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Archive for March 8th, 2013

In the early 1990s, when I began thinking about retirement, Ravi and I were living in Paris. Most of the expatriate wives I talked with there planned on retiring back home. They were lucky. They knew where home was. For my husband, Ravi, would it be Benares or Bombay, the cities that had been home until his Fulbright scholarship and eventual American citizenship? Now not one family member lived in either city. His mother had passed away and all his brothers and sisters, and his father, had followed him to the States. I had proposed buying an apartment in Bangalore as our family home. That was in the late 1970s. Bangalore was the hometown of his mother’s family and Ravi knew it well. We liked Bangalore; it was very attractive and the one city in India that seemed to have a functioning municipal government. I thought I could easily adapt to living there and wanted to begin while still young enough to master at least one of the languages in the environment.  India fascinates me; I could have come to consider it my home.

Ravi’s lack of interest surprised me. He simply ignored my idea and his father was against it. Despite all the family talk about Indian values and the virtues of Indian culture, none of his siblings or their spouses or other relatives from India wanted to return. I’ve realized since that one does not easily leave behind the comfort and convenience of living in a well-ordered society where the electricity comes on and stays on, water always flows through the spigots, where good public schools are free, where regulations on the safety of food and other goods actually apply, where a middle-class person with a fairly good income is not assaulted daily by the poverty of others, and on and on. All this plus the government allowing one to bring in parents and close kin from the old country.

What about staying on in Paris? The decision against that has a history. Ravi had gone to Paris ahead of me, in 1974, directly from Ankara, where we had lived since 1968 and where he was teaching in an excellent English-medium university. In 1972, our son and daughter and I had moved from Ankara to the States for them to finish high school and begin college and for me to return to school. Aziz, the boy from Mogadiscio who had become part of our family, was already a student in Roberts College in Istanbul. Four years later, in 1976, I joined Ravi in Paris and immediately thought of taking out a loan available through his organization to buy us an apartment. I was tired of moving so often and wanted to put down some sort of roots. Ravi stalled. I found one apartment after another and even a house in a banlieue but he always found something not to like. That was when I gave up on Paris and considered India.

Okay. Paris was out and we would not return to Ravi’s homeland. Then what about my homeland? My first choice was Washington. It is a beautiful city and the only one international enough that I did not have to explain my expatriate self to acquaintances. After much effort on my part spent looking for a house or an apartment, assisted by a friend already retired there, Ravi ruled out Washington. My second choice was Chicago. He would not even consider it. Where else? I had no childhood home to consider, was moved so often I barely remember any of the towns, have lost track of them, and anyhow, none were attractive enough to call me back. The only family I knew was my father, his father and his stepmother and they were gone from this earth. I did know one other city and loved it. At seventeen I had landed as a student on the University of Wisconsin campus in Madison and to this day think of that year as the beginning of my real life. I wanted never to leave university or the campus and did manage to stay put for ten years in one rented room or another, and when married, in various apartments. It was where I met and married Ravi, where our children were born, where I first did research and taught. I love the look of the land, the rich and varied flora rising out of its black soil. Ravi also felt sentimental about our campus life. He reluctantly agreed to Madison, so soon after, on a visit to Chicago, I drove north to look around. It happened to have been in winter, when the temperature was thirty degrees below freezing. And I remembered the snow storms. Dangerous to drive at night or too far into the countryside. I had to ask myself why a person in her mid-sixties and right mind would willingly move to a land where the seasons are winter, summer, winter, winter, winter, winter.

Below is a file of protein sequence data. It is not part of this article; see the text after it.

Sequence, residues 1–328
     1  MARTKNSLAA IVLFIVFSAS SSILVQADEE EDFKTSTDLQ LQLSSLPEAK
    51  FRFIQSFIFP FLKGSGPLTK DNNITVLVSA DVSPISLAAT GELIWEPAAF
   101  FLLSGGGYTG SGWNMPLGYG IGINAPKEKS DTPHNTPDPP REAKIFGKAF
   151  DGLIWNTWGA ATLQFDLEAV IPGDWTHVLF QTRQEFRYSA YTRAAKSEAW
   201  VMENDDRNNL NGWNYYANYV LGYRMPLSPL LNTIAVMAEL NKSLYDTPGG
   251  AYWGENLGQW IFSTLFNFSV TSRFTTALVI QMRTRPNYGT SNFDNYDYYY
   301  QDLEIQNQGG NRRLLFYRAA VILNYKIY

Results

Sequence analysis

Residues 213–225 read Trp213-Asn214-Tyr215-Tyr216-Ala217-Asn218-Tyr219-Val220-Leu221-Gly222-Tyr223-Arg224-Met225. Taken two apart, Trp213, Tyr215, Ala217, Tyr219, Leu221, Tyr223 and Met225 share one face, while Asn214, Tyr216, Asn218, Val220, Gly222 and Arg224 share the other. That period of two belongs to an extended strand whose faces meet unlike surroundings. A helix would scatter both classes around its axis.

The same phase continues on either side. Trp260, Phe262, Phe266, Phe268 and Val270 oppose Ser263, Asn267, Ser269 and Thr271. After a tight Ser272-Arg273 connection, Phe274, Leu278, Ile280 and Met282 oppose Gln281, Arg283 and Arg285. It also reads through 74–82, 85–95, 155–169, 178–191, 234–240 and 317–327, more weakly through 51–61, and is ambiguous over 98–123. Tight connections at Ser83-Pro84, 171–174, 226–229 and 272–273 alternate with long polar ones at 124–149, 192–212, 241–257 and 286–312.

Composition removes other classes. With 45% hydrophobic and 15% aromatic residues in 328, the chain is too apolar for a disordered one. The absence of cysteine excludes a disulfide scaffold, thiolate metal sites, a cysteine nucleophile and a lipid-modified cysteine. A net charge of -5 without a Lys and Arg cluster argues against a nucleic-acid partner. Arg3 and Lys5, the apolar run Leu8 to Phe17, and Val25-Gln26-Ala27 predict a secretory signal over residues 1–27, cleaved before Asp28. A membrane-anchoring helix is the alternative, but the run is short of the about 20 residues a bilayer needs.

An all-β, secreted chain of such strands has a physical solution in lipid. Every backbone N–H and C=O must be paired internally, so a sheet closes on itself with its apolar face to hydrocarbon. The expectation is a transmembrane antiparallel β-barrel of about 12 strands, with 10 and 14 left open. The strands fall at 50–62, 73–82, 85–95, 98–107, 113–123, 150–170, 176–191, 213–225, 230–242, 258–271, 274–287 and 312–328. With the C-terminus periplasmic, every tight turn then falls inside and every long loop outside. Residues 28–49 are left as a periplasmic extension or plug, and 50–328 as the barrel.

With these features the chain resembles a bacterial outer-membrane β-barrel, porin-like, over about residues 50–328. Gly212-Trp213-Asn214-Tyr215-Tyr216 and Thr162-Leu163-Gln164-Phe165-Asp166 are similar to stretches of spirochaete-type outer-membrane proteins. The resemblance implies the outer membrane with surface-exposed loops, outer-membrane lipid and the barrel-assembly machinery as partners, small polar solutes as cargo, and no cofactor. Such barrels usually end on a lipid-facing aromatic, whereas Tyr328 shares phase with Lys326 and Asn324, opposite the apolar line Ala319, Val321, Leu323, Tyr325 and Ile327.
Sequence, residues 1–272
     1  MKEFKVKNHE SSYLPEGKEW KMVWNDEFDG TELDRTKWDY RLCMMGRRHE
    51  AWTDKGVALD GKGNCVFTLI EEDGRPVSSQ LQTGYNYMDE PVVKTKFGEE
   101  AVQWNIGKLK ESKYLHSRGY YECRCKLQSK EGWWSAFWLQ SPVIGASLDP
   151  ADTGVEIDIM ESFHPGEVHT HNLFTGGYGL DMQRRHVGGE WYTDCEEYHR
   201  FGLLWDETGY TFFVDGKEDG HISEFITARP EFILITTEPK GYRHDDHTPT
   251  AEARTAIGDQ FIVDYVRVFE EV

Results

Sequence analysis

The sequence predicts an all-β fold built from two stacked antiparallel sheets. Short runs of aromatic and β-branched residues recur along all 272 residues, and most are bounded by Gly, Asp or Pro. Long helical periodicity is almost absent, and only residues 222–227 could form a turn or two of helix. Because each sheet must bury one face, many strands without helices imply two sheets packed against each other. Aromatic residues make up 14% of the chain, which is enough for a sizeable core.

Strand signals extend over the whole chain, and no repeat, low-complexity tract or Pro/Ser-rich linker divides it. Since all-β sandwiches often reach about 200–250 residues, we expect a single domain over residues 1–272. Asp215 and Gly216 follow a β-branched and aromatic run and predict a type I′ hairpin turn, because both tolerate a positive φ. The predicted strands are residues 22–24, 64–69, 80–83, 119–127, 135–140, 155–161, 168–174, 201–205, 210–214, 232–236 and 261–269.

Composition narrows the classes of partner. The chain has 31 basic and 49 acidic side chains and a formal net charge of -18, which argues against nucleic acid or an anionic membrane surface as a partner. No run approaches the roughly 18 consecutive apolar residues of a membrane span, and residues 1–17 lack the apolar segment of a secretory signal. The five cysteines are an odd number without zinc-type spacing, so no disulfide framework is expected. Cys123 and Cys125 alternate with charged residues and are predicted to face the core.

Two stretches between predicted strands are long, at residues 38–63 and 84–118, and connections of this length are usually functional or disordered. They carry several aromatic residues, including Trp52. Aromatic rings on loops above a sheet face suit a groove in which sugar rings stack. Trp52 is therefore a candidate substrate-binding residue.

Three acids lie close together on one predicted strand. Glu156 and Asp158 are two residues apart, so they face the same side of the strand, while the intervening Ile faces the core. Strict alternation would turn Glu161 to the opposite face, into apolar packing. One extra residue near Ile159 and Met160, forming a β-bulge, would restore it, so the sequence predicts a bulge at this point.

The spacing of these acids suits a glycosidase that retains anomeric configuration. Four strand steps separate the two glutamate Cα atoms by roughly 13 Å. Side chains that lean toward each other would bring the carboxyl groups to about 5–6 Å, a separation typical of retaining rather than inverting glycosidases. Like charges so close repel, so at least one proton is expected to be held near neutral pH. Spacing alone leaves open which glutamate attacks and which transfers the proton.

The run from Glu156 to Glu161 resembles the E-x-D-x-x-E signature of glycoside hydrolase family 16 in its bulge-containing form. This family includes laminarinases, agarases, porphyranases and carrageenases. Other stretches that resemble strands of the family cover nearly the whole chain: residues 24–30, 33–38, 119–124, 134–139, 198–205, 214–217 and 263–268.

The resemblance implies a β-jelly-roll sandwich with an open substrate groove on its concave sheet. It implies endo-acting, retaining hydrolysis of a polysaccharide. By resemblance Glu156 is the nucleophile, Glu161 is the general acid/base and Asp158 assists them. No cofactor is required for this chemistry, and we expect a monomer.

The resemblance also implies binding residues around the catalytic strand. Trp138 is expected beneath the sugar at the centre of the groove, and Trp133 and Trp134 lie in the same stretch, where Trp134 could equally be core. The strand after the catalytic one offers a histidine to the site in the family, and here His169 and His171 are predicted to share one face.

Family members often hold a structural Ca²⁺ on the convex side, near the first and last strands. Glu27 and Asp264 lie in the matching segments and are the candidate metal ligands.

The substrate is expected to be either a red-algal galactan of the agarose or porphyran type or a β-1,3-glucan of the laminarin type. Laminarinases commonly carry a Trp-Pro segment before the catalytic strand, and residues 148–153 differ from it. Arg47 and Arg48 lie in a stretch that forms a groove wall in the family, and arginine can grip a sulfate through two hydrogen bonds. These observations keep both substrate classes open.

In the meantime, Ravi had bought a house in North Carolina that he claimed to be simply an investment. Of course, it was down the street from where one brother lived, somewhat further from a brother in Virginia, and within easy contact with a third brother and a sister in Chicago. In our retirement we joined the Indian diaspora in America.

I continue as an expat wife, only this time I speak the local language and have all the advantages of living in a well ordered society, if quite different from the one I left decades before. I always had cultural shock when returning to America. Initially, until Ravi’s Alzheimer’s and my advancing years overtook me, I engaged in local civic affairs, which turned out to be the sort of learning experience I find interesting. After Ravi’s death, two of his siblings died and the others, and their families, live far away from me, culturally and geographically. I am a White, Anglo-Saxon, Anglophone, middle-class lady from the Midwest living in a Southern state that after two decades is still not quite home, now a closet foreigner rather than an obvious one.

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